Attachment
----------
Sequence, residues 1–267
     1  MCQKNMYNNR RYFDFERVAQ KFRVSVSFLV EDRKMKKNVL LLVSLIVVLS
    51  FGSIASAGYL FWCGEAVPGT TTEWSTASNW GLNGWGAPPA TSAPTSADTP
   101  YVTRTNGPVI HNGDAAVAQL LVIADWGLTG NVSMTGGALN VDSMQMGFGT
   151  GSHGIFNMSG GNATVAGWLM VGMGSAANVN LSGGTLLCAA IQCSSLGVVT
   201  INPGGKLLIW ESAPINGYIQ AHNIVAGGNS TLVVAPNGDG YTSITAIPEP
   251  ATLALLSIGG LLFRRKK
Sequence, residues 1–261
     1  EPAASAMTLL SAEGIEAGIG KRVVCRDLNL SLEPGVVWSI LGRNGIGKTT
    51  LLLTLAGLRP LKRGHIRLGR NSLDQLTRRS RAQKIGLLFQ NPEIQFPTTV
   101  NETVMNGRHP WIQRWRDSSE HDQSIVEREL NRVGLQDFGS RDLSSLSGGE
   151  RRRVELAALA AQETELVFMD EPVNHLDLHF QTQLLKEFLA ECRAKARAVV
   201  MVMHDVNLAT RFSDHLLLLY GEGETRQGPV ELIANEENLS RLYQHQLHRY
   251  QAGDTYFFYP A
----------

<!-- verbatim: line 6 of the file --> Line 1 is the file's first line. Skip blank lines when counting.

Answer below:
   201  INPGGKLLIW ESAPINGYIQ AHNIVAGGNS TLVVAPNGDG YTSITAIPEP